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This course is being completely revised this year.

This course provides a broad introduction to computer graphics and imaging. Topics: Input and output devices such as cameras and displays, graphics hardware and software, interactive techniques and the model-view-controller design pattern, typography and page layout, light and color representations, tone reproduction, image filtering, sampling, aliasing and antialiasing, compression, two- and three-dimensional geometry and transformations, modeling techniques including curves and surfaces, reflection models and illumination algorithms, and basic methods for animation.


CS107, MATH 103.

Programming using C/C++ and OpenGL and use of common graphics tools such as drawing programs and image processing toolkits.

Masters students or students with a strong interest in continuing in graphics should take CS248.







Jan 9, 11




Jan 16, 18




Jan 23, 25


Splines and Interpolation


Jan 30, Feb 1

Input Technology

Interaction Techniques


Feb 6, 8

Light and Color

Digital Cameras


Feb 13, 15


Exposure and Tone Reproduction


Feb 20, 22

Mattes and Compositing



Feb 27, Mar 1

Sampling: Aliasing and Antialiasing



Mar 6, 8

Digital Video and HDTV



Mar 13, 15




Text and readings

There is one required text for the course.

  • Peter Shirley
    Fundamentals of Computer Graphics, 2nd Edition

  • K. Peters, 2006.

In addition, one of the following books on OpenGL are recommended. The first one, the primer, is easy to read and gives a good overview of OpenGL. The second book, often called 'The Red Book" is more detailed and covers more advanced features. These books are recomended- not required -because most of this information can be found online. In particular, the older 2nd Edition of the OpenGL Programming Guide is freely available.

  • Edward Angel
    OpenGL: A Primer, 2nd Edition
    Addison-Wesley, 2005

    Dave Shreiner, Mason Woo, Jackie Neider, Tom Davis
    OpenGL Programming Guide, 5th Edition
    Addison-Wesley, 2006

Additional readings will be assigned from journals and conference proceedings, and excerpts from conference tutorials. Only papers NOT available online will be handed out in class. Readings for each lecture are available from the Lectures page.

Assignments, exams and grading

This course will include 8 short assignments, one per week, in addition to a mid-term and a final.

The assignments will be short and are meant to be completed in a few hours. Example code and data will be provided so that you can concentrate on the main conceptual ideas and not need to write a lot of code. Additionally, of your 8 assignments, we will drop the lowest 2 scores when computing final grades.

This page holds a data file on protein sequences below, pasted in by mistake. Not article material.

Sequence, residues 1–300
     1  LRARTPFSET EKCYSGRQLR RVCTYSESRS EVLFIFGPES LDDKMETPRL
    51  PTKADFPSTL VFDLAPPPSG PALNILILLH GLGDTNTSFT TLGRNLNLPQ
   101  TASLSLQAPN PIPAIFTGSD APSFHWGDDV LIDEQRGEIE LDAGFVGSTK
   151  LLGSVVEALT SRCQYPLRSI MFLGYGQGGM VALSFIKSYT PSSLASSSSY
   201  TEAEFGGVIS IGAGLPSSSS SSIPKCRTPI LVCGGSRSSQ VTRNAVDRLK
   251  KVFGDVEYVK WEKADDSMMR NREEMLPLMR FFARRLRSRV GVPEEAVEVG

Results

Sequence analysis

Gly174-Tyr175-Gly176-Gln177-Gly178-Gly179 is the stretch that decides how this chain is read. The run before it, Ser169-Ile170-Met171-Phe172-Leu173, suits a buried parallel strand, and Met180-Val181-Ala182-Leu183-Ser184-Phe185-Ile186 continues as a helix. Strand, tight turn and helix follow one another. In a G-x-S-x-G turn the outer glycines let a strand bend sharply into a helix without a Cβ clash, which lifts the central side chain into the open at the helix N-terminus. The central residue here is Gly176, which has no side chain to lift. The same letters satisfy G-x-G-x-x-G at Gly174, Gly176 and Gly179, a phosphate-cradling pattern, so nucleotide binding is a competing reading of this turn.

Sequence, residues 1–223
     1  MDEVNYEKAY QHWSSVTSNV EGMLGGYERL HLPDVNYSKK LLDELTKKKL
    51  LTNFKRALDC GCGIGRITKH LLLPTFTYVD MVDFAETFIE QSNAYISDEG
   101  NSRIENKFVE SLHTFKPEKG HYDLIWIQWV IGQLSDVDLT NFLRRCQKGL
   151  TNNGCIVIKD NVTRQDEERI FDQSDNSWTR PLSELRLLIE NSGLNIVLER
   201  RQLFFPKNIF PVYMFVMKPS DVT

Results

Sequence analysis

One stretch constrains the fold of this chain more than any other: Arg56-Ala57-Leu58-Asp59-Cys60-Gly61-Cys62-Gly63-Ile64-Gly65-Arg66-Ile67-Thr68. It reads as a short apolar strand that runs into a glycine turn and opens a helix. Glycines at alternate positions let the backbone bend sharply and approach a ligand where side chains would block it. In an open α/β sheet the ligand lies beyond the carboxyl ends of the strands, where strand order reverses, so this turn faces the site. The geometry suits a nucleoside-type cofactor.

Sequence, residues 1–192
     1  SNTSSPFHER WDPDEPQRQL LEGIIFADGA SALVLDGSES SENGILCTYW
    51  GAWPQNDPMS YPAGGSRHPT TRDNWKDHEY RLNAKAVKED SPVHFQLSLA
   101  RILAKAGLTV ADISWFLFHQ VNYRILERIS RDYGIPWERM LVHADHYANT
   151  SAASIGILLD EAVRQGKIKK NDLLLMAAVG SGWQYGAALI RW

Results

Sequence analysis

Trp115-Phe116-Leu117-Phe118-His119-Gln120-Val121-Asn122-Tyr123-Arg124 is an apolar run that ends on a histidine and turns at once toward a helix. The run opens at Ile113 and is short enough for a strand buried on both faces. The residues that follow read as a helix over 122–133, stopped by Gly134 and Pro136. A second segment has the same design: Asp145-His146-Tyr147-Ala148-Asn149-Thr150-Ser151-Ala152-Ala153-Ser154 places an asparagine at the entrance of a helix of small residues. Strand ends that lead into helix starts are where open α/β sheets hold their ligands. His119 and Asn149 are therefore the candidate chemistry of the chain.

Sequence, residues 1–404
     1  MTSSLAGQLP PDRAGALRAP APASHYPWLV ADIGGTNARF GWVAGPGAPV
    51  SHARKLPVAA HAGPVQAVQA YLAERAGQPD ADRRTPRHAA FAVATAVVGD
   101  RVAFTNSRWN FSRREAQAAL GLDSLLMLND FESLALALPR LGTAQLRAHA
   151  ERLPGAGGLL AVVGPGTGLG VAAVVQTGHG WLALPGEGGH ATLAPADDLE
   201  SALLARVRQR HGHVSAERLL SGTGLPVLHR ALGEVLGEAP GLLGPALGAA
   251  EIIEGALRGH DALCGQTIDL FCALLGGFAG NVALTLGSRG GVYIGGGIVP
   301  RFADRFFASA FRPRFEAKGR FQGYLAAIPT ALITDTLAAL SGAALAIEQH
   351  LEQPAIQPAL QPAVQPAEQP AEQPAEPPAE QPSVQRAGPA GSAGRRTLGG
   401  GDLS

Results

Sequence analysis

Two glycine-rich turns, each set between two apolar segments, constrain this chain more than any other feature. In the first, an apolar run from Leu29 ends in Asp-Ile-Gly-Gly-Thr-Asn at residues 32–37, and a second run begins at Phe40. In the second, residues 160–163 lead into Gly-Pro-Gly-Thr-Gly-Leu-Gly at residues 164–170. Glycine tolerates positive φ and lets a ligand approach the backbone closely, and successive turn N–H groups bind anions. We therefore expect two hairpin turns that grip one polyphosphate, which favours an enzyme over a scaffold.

The tentative list of assignments are::

  • Assignment1: Generative art Assignment2: Animating a clock escapement Assignment 3: Simple page layout system Assignment 4: Interactive zoom-and-pan over a large image using a gamepad Assignment 5: Bracketed exposure and high-dynamic range imaging Assignment 6: Matte extraction and compositing Assignment 7: Wavelet compression Assignment 8: Shading and lighting using a vertex program

Evaluation criteria: Programming assignments will count 60% of your grade. As stated above, your best 6 grades out of the 8 programming assignments will be used for determining your final grade. The mid-term and the final will each count 20% of your grade.

Collaboration: For the programming projects, you may discuss the assignment with friends, but you are expected to implement your own solutions.

Late assignments: Assignments will be handed out on Thu and are due the following Thu at 11:59pm. No late assignments will be accepted for grading. Since we will be dropping your two lowest assignment scores, a late assignment will essentially be considered one of your skipped assignments.

Hardware and software

You are welcome and encouraged to do class assignments on your own machines. OpenGL is readily available on linux, windows and mac platforms. The support code will be tested on each of these platforms.

If you do not wish to develop on a personal machine, you will have access to the 'myth' machines located in Gates B08. These 3.2 Ghz DELL Dual-Xeon Linux boxes, named myth1 - myth29 are available for remote access. CS148 students are given non-exclusive priority access to these machines.

All students with leland accounts automatically have accounts on these machines. Home directories on these machines are shared with other Stanford Computing Clusters using AFS. If you do not have a leland account, consult this ITSS web page. Registered students will get an extra 200MB of disk quota for the quarter. Please notify the course staff immediately if you do not notice this quota increase withing 48 hours of officially signing up for the course.